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United States v. Johnson

April 17, 2008


The opinion of the court was delivered by: J. Phil Gilbert District Judge


This matter comes before the Court on Defendant Bruce Johnson's Motion for Extension of Time to File Notice of Appeal (Doc. 38) and Motion for Permission to Appeal in Forma Pauperis (Doc. 39). For the following reasons, the Court GRANTS both motions.


Johnson pled guilty to one count of conspiracy to distribute and possess with intent to distribute "crack" cocaine. Johnson waived his right to have an indictment for and to have a jury find beyond a reasonable doubt that the amount of crack involved in the conspiracy was greater than 5 but less than 50 grams. The Court sentenced Johnson on September 16, 2004 to 100 months imprisonment. August 20, 2007, Johnson filed a pro se motion for the Court to reduce his sentence, which the Court dismissed for lack of jurisdiction.

December 19, 2007, Johnson filed a pro se motion to reduce his sentence in light of the retroactive application of the Sentencing Guidelines to crack cocaine offenses. On December 20, 2007, Administrative Order #102, signed by Chief Judge Herndon, was entered in this case, appointing the Federal Public Defenders office to represent Johnson in his motion for sentence reduction.

Assistant Federal Public Defender Judith A. Kuenneke entered her appearance, and on March 10, 2008 AFPD Kuenneke and Assistant United States Attorney Thomas E. Leggans filed an Agreed Motion to Reduce Sentence asking the Court to reduce Johnson's sentence, pursuant to 18 U.S.C. § 3582(c) and U.S.S.G. 2D1.1 of the revised Sentencing Guidelines, from 100 months to 84 months. Under the new Guidelines, Johnson's sentencing range is 84 to 105 months. However, the mandatory statutory minimum facing Johnson is 60 months. The Court entered an Order on March 18, 2008, reducing Johnson's sentence to 84 months, the low-end on the new applicable Guideline range. Johnson filed a Notice of Appeal on April 3, 2008, appealing the Court's Order. Johnson's contention on appeal is that the Court improperly failed to consider the other factors, apart from the Guideline calculation, required by 18 U.S.C. § 3553(a).

Because Johnson's Notice of Appeal was filed two days past the filing deadline, he asks the Court for an extension to time to file his notice of appeal. Additionally, he asks the Court to grant him leave to proceed on appeal in forma pauperis.


I. Motion for Extension of Time

Federal Rule of Appellate Procedure 4(a)(5)(A) allows a court to briefly extend the time to file a notice of appeal if the party seeking to appeal requests the extension within thirty days after the original time period has expired and if the party shows (1) good cause if the motion is filed before the original time period expires, or (2) excusable neglect if the motion is filed later. Prizevoits v. Indiana Bell Tel. Co., 76 F.3d 132, 133 (7th Cir. 1996). If both of these requirements are met, the Court may extend the time to appeal for a period not to exceed either thirty days after the prescribed appeals period or ten days after the Court grants the motion for an extension of time. Fed. R. App. P. 4(a)(5)(C).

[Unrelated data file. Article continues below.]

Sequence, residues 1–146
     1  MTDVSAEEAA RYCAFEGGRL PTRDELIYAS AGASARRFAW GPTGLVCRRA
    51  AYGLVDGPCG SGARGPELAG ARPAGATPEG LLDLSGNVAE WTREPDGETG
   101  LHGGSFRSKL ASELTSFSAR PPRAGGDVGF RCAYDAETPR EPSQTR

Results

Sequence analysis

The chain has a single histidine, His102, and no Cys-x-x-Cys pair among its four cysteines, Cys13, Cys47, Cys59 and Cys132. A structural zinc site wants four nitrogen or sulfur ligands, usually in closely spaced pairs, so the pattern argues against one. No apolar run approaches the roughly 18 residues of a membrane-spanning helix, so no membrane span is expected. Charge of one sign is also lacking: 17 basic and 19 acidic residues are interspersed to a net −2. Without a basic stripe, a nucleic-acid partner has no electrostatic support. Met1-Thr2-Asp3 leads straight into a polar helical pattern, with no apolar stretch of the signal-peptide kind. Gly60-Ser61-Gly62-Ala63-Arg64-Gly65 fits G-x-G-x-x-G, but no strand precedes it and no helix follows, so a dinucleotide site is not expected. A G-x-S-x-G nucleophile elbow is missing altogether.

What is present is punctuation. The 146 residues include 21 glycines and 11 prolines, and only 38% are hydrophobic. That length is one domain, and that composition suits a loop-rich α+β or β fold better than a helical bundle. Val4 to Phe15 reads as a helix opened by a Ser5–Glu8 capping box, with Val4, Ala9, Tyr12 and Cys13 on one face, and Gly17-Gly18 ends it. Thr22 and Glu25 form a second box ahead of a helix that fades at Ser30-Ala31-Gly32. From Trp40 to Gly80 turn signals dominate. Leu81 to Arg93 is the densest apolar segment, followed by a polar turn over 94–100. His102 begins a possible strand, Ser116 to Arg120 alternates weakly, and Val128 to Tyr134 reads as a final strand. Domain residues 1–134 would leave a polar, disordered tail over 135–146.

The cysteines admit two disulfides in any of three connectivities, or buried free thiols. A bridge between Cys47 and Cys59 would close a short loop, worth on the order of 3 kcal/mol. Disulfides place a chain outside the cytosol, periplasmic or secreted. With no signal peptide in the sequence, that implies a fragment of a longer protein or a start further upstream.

Johnson meets the first requirement. Because the sentencing order was entered on March 18, 2008, he had until April 1, 2008, to file a notice of appeal. Rule 4(a)(5)(A)(i) provides thirty more days, up to May 1, 2008, for Johnson to make a motion under that rule. Johnson's motion, filed April 14, 2008, was therefore timely.

Johnson also meets the second requirement under Rule 4(a)(5)(A). Because he filed his motion after his appeal time expired, he must show excusable neglect. Excusable neglect can include omissions through carelessness and mistake. Robb v. Norfolk & Western Ry. Co., 122 F.3d 354, 359 (7th Cir. 1997) ("excusable neglect" in Rule 60(b) context) (citing Matter of Bulic, 997 F.2d 299, 302 (7th Cir. 1993) (bankruptcy context)); see Pioneer Inv. Servs. Co. v. Brunswick Assocs. Ltd., 507 U.S. 380, 388-89 (1993) (bankruptcy context). A court should determine whether neglect is excusable by weighing the equities, taking into account all of the relevant circumstances including the danger of prejudice to the opposing party, the length of and reason for the delay, the potential impact on judicial proceedings, and whether the negligent party acted in good faith. Pioneer, 507 U.S. at 395; Matter of Bulic, 997 F.2d at 302. The court has discretion to determine whether neglect is excusable. Robb, 122 F.3d at 361.

Here, Johnson received a letter from AFPD Kuenneke informing him that the Court's Order had entered, but the letter did not indicate when the Order had entered. Johnson decided to wait to file his notice of appeal until he received a copy of the Court's Order. Johnson claims that, to date, he still has not seen a copy of the Order reducing his sentence. However, he did receive a Sentence Monitoring Computation printout confirming the reduction of his sentence. At that point, Johnson filed his appeal.

The Court finds that Johnson's excuse constitutes excusable neglect. The length of Johnson's delay in filing his notice of appeal was small and his stated reason of wanting verification that the Court's Order had indeed entered is understandable. Additionally, no party will be prejudiced by allowing Johnson's appeal to go forward. ...

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